Due to abundant rainfall last winter, large portions of forests in the Netherlands were submerged underwater. In the reflection, the forest duplicates itself; the scenes above and below the water's surface are nearly identical, meeting at the midpoint. I pondered the effect of photographing this submerged forest upside down—literally bending forward through my legs from a higher, dry patch to capture the scene behind me.

Viewing the world upside down is disorienting; it alters one's perception of space. Not only are up and down inverted, but left becomes right and vice versa. While this may seem trivial, it significantly impacts the viewing experience and, consequently, the image's composition.

For some images, I mirrored them back to vertical, restoring their upright orientation. Additionally, I delved into my archive, searching for other images of flooded forests and experimenting with tilting them. Interestingly, while this technique doesn't work well in many cases, it occasionally produces fascinating compositions.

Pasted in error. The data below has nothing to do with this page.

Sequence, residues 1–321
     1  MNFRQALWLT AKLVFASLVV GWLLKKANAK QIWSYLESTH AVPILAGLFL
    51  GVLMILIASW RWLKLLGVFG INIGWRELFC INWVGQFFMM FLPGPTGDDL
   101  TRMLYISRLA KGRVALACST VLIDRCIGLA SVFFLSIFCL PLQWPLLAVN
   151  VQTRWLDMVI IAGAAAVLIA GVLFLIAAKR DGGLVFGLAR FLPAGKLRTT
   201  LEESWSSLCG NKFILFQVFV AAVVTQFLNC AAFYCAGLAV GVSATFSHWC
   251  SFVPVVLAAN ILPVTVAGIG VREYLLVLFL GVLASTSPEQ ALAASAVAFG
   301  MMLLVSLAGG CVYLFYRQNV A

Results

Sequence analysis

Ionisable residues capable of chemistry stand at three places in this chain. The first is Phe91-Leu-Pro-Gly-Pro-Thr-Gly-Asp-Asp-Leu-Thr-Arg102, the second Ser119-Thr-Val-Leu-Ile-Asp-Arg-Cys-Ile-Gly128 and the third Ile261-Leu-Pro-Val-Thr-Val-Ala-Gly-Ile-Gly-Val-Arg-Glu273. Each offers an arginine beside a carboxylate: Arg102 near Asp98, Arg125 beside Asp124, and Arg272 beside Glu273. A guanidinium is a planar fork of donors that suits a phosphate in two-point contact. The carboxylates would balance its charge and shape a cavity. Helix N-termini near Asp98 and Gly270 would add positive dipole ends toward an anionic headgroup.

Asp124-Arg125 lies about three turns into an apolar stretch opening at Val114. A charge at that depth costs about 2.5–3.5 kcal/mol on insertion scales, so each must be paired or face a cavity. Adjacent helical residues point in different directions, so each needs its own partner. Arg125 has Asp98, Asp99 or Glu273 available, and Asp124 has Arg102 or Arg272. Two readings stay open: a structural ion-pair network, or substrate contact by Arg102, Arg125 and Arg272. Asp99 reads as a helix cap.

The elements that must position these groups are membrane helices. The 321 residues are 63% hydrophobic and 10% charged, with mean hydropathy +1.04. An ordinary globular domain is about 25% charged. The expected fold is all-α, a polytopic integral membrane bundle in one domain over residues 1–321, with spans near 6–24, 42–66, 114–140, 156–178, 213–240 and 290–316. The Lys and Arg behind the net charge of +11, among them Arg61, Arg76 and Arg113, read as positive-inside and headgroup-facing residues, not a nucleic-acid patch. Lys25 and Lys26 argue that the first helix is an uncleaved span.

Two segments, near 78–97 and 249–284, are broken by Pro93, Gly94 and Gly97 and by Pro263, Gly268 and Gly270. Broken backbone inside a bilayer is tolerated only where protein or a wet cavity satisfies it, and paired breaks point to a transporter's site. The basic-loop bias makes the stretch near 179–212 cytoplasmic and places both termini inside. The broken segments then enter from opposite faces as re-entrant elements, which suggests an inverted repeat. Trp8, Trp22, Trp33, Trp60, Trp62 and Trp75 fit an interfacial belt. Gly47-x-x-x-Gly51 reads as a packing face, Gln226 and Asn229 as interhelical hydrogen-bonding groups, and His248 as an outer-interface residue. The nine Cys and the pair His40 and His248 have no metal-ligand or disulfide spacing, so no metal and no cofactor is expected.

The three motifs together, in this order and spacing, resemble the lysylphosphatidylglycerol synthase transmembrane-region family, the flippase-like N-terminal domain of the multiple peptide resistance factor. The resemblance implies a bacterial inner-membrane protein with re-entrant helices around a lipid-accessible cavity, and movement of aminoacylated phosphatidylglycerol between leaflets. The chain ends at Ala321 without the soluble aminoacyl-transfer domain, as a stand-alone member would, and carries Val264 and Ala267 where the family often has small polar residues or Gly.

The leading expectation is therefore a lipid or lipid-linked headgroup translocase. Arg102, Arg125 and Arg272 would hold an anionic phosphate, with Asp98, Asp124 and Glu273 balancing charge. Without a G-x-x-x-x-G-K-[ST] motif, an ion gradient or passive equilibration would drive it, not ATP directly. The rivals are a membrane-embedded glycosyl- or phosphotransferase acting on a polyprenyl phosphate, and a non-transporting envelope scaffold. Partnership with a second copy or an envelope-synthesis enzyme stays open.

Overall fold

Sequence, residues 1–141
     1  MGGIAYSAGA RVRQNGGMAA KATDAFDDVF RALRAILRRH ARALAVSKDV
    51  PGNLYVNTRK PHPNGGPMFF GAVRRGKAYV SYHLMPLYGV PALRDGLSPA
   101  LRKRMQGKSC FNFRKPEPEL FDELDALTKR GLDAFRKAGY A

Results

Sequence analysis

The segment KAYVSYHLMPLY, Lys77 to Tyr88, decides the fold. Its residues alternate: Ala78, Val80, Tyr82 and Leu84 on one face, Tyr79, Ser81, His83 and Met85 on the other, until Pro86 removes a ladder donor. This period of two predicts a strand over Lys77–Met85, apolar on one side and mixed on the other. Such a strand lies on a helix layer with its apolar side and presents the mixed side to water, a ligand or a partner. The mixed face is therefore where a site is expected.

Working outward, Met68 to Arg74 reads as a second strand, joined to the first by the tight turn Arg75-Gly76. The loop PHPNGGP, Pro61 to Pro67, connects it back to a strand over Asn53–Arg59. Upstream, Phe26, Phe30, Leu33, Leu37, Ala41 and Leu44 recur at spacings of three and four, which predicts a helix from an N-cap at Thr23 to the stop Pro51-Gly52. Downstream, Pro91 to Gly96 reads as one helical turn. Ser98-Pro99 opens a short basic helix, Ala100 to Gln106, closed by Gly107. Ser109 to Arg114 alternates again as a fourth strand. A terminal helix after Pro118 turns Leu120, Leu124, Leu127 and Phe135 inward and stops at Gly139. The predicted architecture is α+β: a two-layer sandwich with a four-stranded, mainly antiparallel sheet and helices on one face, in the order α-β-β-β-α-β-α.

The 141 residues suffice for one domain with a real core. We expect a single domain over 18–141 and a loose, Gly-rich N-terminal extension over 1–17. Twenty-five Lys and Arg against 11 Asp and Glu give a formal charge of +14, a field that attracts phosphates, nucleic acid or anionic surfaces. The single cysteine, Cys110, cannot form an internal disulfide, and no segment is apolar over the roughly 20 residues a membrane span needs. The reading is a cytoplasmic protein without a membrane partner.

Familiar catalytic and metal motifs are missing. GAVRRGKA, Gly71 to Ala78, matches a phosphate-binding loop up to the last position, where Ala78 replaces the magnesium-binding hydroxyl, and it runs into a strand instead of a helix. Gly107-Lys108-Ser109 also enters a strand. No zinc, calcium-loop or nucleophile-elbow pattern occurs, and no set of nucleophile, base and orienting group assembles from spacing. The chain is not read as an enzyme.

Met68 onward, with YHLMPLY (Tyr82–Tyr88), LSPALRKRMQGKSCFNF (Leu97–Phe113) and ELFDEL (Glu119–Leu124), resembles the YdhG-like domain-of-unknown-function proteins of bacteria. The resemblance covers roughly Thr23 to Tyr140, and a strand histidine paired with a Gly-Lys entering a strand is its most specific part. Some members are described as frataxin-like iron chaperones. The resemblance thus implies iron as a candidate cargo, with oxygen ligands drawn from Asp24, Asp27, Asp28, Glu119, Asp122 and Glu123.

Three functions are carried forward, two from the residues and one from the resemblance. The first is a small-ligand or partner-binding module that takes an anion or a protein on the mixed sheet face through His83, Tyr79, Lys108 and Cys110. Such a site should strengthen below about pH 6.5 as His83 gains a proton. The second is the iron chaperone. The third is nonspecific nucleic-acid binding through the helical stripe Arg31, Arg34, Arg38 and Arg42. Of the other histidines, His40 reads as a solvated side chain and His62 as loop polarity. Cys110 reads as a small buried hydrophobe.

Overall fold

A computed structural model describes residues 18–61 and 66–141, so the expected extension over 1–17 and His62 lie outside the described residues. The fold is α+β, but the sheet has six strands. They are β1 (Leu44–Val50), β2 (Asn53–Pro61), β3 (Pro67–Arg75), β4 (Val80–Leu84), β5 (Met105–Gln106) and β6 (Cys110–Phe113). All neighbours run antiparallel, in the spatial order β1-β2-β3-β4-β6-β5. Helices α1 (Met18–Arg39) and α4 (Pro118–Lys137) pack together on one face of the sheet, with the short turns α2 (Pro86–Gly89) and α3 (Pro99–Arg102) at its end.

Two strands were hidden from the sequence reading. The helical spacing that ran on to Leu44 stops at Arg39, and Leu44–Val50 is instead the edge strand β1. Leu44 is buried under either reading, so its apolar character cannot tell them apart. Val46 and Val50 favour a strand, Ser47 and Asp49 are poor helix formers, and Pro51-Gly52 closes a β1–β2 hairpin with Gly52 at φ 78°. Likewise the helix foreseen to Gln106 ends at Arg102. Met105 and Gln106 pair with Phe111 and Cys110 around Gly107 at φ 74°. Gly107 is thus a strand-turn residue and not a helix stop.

Available as editions of 10, 325 gr FineArt Baryta on 2mm dibond with frame, 105  x 70/80/105 cm. For additional information and prices please contact ZERP Galerie, Van Oldenbarneveltstraat 120A, 3012 GV Rotterdam, The Netherlands.

Phone: +31 10 8 46 37 30
E-mail: info@zerp.nl

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